Protests against one of India’s most ambitious science projects in Tamil Nadu is saddening

Dinesh C Sharma
Dinesh C SharmaApr 10, 2018 | 16:43

Protests against one of India’s most ambitious science projects in Tamil Nadu is saddening

The situation is coming to a boil in some parts of Tamil Nadu. Political parties are organising protest marches and some followers are taking extreme steps like attempting self-immolation. The reference here is not the protests following the Supreme Court judgment on the Cauvery issue, but protests against one of India’s most ambitious science projects proposed to be built in the West Bodi hills in Tamil Nadu’s Theni district.


The Rs 1,600 crore project involves the construction of an underground laboratory called India-based Neutrino Observatory (INO). It has been recently granted environmental clearance by the Union government, after five years of wrangling with the Centre and the state government and the National Green Tribunal.

Delays apart, what’s surprising is the propaganda against the project unleashed by state political parties and other vested interests. They are spreading rumours that the lab will be used for burying nuclear waste and making nuclear weapons.

But, the fact is that the project has nothing to do with nuclear energy or radioactive waste, and instead deals with a fundamental science subject which has won Nobel prizes.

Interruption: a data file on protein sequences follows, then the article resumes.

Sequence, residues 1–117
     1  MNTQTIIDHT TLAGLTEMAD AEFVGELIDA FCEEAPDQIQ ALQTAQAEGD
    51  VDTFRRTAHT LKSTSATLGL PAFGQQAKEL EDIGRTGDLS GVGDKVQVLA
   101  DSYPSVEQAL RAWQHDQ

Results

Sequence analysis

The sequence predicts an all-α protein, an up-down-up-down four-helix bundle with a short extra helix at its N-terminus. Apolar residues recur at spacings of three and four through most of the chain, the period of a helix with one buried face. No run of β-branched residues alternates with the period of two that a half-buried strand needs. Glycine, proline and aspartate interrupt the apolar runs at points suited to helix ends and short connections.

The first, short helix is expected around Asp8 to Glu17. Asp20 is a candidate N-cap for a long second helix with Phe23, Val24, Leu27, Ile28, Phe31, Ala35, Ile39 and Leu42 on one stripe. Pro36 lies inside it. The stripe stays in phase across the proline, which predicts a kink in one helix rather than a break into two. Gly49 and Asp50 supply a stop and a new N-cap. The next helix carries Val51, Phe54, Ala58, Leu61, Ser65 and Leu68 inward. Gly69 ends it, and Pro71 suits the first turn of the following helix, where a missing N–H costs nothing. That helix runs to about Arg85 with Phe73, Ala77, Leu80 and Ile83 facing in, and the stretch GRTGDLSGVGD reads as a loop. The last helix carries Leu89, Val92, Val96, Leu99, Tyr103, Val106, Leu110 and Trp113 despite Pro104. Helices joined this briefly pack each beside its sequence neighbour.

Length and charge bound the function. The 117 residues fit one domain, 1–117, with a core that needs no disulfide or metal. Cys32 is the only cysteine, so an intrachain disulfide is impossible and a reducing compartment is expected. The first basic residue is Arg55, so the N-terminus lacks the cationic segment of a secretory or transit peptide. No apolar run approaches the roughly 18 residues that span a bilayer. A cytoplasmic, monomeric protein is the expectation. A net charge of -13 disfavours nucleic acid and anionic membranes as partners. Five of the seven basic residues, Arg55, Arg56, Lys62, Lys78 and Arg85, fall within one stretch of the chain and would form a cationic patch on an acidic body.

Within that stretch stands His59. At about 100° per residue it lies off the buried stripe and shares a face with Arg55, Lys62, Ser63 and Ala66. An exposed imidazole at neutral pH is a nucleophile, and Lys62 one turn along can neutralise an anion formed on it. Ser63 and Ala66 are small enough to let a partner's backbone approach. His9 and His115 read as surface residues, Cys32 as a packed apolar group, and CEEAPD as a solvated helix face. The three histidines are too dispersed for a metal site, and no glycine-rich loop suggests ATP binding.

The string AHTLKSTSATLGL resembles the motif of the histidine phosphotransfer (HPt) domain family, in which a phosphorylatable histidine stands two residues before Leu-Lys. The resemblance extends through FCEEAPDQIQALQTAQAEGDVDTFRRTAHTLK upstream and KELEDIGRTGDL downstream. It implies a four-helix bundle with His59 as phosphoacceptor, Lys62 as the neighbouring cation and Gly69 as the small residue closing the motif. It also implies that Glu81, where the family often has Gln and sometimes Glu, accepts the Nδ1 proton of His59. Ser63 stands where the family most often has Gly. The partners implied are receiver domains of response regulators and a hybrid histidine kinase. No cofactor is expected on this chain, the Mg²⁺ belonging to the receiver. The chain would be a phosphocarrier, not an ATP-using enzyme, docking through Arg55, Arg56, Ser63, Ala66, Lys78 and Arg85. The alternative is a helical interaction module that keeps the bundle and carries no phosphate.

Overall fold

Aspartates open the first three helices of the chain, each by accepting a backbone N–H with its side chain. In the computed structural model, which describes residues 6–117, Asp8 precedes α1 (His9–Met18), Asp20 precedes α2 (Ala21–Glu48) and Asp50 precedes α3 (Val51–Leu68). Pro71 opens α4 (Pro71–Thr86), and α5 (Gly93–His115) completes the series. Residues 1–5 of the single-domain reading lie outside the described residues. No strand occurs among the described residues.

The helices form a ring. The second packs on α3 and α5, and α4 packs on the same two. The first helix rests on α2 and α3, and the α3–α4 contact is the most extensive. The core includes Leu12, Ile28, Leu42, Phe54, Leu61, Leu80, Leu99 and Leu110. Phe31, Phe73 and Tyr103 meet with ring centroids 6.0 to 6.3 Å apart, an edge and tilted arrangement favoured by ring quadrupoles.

Neutrinos are harmless particles, billions of which keep bombarding us every second. Detecting them is a scientific and technological challenge and INO will have a massive detector that can detect neutrinos naturally produced in the atmosphere.

Protests against mega-science projects are neither surprising nor unique to Theni.


Thousands of kilometres away in Hawaii, the $1.4 billon (Rs 9,000 crore) Thirty Meter Telescope (TMT) has been stalled for years now. A group of opponents feel that the Mauna Kea mountain, where the giant telescope is to be constructed, is a sacred Native Hawaiian place and the telescope will disturb sacred sites.


It is relevant for us because India is a part of the consortium that is building TMT, with some key parts of the telescope being built in India. The lawsuits against TMT are now before the Hawaiian Supreme Court.

The mega science complex of Indian Institute of Science, ISRO and DRDO in Chitradurga district of Karnataka had faced a similar fate because of secrecy maintained by the institutions involved. India is now on the verge of embarking upon other mega-science projects like the LIGO arm, which will come up in Maharashtra.

One of the generic reasons for the situation in Theni (and elsewhere) is the information and communication gap between scientists and the society. The outreach and communication effort by scientists and funding agencies is almost absent. Local politicians and other elements take advantage of this and dish out misinformation. As it is, critical appreciation of science among people is poor.

On top of this, they are fed with conspiracy theories like the ones floating in Theni. Scientists and agencies involved in projects wake up only when protests begin or PILs are filed. In order to gain the trust of people, scientific institutions and agencies will have to work hard, engage with people and the society all the time, and not just when projects are stalled.


Theni is a wake-up call for everyone concerned.

(Courtesy of Mail Today)

Last updated: April 10, 2018 | 16:43
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